Kiosk security: Preventing key threats
In 2008, the luxury jewelry store Harry Winston faced a huge crisis. Four armed men dressed as women robbed $108 million worth of jewelry from its Paris salon, which led to a 9 percent fall in stock the following day. In our interconnected world, a single crime can lead to far greater ramifications for a company, including companies in the kiosk industry. For example, data breaches have quickly become a huge liability, with companies like Sony faced with massive fallout from security flaws. With this in mind, how do we improve overall security to mitigate these risks? KioskMarketplace examined a few kiosk security flaws and ways to address them.
First, one needs to look at the inherent security flaws in kiosks. For example, Michael Lynch, Envysion vice president of product management, mentions that you need to consider theft from customers, thieves and employees for both manned kiosks and unmanned self-service kiosks. "Kiosks are harder to protect due to their exposed nature and usually no ability to have a protective enclosure around the kiosk during non-operating hours. Employee theft occurs during operating hours and greatly exceeds the other two forms of theft," Lynch said. "For unmanned kiosks, the risks are primarily thieves and customers although there is still some risk of employee/vendor theft during restocking events."
According to the Envysion site, it can aid self-service kiosk by integrating sales and video data to track down suspicious events. Lynch states that features such as cameras and motion search can go a long way toward preventing crime. "With customer theft, video is used to verify and document such events, and integration with POS data can greatly speed the identification process," Lynch said. "Other features such as motion search and saving of clips long-term in the cloud also assist in customer theft instances and long-term documentation for authorities and insurance claims."
Analytics, according to Lynch, are also powerful tools to effectively examine video and motion to discover the source of theft. "Motion search, motion analytics and video analytics allow merchants to quickly find the video for such events, share with authorities and insurance and document the events long term."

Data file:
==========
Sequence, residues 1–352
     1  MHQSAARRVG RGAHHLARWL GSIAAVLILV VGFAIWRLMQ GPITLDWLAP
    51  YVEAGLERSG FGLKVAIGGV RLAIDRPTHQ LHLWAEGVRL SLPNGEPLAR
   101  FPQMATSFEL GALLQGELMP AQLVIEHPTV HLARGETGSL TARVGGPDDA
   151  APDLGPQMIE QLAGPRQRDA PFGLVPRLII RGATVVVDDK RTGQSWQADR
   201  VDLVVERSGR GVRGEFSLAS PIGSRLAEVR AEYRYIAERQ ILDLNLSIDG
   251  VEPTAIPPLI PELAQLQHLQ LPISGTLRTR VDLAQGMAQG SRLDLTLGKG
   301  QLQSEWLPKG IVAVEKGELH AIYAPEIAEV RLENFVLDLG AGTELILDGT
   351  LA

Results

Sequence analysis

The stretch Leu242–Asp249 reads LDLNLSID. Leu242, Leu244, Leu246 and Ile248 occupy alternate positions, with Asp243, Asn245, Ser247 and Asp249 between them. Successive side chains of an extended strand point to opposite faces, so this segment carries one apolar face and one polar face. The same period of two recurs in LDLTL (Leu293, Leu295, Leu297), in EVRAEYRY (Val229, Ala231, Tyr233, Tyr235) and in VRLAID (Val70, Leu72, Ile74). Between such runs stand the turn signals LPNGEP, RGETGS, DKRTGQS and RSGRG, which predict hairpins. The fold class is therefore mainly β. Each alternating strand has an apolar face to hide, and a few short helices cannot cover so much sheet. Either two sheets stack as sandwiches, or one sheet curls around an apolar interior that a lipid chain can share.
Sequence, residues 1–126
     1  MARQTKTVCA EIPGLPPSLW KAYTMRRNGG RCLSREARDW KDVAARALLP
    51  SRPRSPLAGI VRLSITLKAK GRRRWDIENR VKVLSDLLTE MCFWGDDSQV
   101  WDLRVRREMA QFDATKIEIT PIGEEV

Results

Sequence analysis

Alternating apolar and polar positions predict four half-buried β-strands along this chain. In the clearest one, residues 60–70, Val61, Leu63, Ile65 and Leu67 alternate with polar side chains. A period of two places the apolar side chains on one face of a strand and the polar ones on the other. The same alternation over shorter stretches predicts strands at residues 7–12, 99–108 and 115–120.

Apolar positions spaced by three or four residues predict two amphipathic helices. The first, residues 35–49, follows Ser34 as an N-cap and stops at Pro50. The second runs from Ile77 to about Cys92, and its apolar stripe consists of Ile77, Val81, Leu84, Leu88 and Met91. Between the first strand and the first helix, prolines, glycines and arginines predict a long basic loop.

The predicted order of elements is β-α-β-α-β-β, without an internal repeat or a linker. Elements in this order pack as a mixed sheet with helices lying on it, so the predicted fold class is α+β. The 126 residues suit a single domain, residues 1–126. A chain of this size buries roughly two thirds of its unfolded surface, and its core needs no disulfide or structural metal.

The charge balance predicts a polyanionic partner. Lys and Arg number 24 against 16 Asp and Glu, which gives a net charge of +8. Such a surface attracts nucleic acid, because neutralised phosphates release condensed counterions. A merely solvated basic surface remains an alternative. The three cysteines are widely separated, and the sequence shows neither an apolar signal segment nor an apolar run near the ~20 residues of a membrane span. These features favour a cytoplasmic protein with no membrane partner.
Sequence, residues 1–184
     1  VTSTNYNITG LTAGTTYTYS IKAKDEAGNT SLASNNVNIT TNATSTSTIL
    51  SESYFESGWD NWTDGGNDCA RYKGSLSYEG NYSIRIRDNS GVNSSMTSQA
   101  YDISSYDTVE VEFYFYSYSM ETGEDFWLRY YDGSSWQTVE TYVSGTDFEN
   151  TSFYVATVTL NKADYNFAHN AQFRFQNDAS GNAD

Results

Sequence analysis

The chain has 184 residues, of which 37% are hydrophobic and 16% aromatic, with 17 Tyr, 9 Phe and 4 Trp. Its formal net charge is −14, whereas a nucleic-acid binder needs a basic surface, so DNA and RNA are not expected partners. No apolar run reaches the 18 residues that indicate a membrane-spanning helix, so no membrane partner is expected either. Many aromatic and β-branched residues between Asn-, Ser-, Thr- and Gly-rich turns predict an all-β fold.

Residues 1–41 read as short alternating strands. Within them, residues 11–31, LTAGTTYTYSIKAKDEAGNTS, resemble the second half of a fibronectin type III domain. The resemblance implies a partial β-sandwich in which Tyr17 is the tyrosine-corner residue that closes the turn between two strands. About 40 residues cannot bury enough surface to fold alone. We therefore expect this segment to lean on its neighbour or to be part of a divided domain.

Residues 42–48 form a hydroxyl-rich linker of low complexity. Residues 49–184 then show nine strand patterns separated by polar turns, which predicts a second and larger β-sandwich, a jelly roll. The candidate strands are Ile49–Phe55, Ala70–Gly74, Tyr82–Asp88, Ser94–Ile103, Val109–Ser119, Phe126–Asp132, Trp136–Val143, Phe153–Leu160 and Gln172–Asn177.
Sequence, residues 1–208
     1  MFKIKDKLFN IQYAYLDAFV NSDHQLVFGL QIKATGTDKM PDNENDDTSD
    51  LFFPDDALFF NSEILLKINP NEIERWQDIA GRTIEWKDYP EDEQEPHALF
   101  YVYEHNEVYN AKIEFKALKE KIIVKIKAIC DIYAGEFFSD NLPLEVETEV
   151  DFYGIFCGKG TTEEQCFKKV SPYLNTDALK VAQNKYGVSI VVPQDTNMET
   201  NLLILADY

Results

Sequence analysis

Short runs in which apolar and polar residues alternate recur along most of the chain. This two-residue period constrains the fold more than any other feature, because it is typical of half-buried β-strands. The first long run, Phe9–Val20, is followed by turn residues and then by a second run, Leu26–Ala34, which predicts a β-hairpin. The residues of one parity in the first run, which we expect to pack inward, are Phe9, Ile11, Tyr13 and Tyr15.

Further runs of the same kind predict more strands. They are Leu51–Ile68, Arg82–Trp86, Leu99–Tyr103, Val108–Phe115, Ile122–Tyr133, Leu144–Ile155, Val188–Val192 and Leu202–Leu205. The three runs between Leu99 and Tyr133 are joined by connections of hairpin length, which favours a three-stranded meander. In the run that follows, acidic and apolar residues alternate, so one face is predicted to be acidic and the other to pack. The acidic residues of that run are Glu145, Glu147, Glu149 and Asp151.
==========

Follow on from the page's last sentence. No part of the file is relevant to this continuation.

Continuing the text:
Lynch also mentioned that Envysion allows exception reporting so that the retailer can search all transactions which utilized a certain type of card and compare with video footage.
However, there is also inherent danger on the software side of the equation. For example, a white paper by Mcafee mentions how hackers can attempt to access the control panel through the help and support center to change sensitive settings and possibly steal information.
In order to combat this issue, Mcafee recommends designing your kiosk software in a way that shuts down all but the necessary actions and limits security permissions for users. It also recommends wiping certain sensitive data after sessions or at the end of the day to prevent theft.
Some companies offer services to help one lock down your kiosk software. For example, KioWare utilizes lockdown software to prevent users from accessing certain features such as browsers. On the KioWare website, it points out that unless you limit user activity, you are at risk of hackers placing viruses on your kiosks. KioWare also uses remote management for administrators to check up on the kiosk software remotely.
Security is an expense, but it is also an investment. Effective security leads to increased ROI and consumer confidence. Disaster is always possible, so preparation is always necessary.
(Image by Frankie Roberto via Flickr).
Bradley Cooper is a Technology Editor for DigitalSignageToday.com. His background is in information technology, advertising, and writing.www